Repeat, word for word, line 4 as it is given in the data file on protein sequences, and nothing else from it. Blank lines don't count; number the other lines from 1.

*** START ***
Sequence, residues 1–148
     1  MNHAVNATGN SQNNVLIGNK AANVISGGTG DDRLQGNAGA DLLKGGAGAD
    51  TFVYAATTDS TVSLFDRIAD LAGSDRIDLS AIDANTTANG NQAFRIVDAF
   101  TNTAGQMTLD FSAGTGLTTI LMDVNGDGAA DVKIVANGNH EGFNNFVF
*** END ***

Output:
   101  TNTAGQMTLD FSAGTGLTTI LMDVNGDGAA DVKIVANGNH EGFNNFVF